The Coming of Aryans : Occupation & Political life

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Agriculture was the main occupation of the people. Agricultural products were wheat, rice, cotton and oil seeds. Farmers depended on rain. However, they had some irrigation system using canals; wells and lakes.

Besides agriculture, people engaged themselves in weaving, tanning and metallurgy. Artisans such as carpenters, potters, blacksmiths and goldsmiths too made living.

Agricultural products led to trade. Rivers were used for transportation and many commercial towns came into existence on the banks of rivers. Bullocks, horses and camels were used for transportation. In those days the barter system was practiced in trade.

People also domesticated animals. Some of them were used for ploughing or drawing carts. Horses, bulls, cows, dogs and goats were the main animals domesticated by the Aryans.

Political life of Aryans

When Aryans came to India they came in the form of tribes, this tribal system survived for many centuries. The tribes were organized in a patriarchal groups, and in the early stages the chief of the tribe was merely a tribal leader. As the need for protection grew, the most capable protector was elected chief, and he gradually began to assume privileges generally associated with kingship. The rapid development of monarchies was kept in check, by the two tribal assemblies, the sabha and the samiti. The sabha was an exclusive council of the tribal elders, whereas the samiti may have been a general assembly for the entire tribe. Among tribes which had no elected monarch's these assemblies played the pivotal role.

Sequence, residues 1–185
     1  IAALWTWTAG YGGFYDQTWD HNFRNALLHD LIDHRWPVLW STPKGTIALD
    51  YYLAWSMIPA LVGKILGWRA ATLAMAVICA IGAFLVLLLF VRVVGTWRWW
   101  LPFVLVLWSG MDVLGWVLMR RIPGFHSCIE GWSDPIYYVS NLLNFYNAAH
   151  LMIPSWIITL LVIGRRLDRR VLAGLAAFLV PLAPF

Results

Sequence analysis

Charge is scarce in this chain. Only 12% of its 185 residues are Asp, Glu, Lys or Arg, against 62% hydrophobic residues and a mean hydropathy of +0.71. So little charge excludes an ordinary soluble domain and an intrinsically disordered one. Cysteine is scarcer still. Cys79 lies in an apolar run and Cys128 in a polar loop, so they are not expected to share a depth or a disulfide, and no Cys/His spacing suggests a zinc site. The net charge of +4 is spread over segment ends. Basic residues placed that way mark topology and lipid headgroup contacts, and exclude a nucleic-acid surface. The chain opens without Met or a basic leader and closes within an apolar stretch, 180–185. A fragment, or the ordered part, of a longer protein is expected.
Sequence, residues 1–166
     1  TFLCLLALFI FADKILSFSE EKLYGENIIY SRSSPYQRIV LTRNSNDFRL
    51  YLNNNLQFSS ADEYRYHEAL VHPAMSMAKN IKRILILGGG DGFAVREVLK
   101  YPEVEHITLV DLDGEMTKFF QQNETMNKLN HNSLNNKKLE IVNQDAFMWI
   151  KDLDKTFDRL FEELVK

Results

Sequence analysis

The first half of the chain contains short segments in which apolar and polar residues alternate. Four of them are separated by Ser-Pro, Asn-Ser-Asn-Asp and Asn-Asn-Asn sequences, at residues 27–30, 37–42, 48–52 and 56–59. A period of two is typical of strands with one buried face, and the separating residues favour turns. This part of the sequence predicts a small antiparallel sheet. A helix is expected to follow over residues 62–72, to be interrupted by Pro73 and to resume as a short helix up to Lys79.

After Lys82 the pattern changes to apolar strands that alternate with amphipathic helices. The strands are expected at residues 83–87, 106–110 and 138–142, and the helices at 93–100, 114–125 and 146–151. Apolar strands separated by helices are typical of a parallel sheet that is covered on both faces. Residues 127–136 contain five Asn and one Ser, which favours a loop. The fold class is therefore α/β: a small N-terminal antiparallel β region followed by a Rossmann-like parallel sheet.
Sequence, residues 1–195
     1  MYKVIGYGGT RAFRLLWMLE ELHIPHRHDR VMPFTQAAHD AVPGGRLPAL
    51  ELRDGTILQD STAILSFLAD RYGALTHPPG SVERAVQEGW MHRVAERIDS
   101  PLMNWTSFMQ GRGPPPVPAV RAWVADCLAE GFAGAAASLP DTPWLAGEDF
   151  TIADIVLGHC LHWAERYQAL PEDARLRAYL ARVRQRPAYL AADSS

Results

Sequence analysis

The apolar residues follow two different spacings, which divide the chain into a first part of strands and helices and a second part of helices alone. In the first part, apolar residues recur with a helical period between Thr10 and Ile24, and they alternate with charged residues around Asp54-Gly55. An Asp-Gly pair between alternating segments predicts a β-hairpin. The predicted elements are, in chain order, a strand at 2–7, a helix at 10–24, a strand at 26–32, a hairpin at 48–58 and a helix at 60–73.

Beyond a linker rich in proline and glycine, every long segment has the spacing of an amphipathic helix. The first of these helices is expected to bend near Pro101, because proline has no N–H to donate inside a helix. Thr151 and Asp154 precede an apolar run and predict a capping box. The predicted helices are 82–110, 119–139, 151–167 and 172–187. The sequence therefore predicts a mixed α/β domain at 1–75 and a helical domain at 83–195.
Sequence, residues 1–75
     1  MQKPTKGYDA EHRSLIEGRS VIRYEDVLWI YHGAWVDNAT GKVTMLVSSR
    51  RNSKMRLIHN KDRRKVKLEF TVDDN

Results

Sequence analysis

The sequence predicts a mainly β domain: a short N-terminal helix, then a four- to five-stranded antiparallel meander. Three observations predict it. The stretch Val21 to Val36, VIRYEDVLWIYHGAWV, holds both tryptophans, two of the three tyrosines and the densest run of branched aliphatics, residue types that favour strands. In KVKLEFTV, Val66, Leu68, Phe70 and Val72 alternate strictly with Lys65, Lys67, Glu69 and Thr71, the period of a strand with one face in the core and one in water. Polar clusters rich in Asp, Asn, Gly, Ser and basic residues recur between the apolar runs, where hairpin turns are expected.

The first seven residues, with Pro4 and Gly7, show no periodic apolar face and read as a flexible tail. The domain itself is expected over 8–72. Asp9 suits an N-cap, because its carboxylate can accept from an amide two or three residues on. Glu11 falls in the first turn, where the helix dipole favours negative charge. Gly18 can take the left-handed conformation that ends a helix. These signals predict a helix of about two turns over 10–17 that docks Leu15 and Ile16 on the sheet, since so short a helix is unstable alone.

Soon the status of the king became hereditary. Consequentially the position of the sabha and the samiti underwent a change; they could act as a check on the king but king was the final authority.

A rudimentary administrative system was introduced, with the king as the pivot. The tribal kingdom (rashtra) contained tribes (jana), tribal units (vish), and villages (grama). The nucleus was the family (kula), with the elsdest male member as its head (kulapa). The king was assisted by a court of the elders of the tribe and by the village headmen. Even closer to him were two officers: the purohita or chief priest, who combined the function of priest, astrologer, and adviser; and the senani or military commander. Spies and messengers completed his entourage. Later sources mention a more elaborate group surrounding the king: the charioteer, the treasurer, the steward, and the super-intended of dicing.

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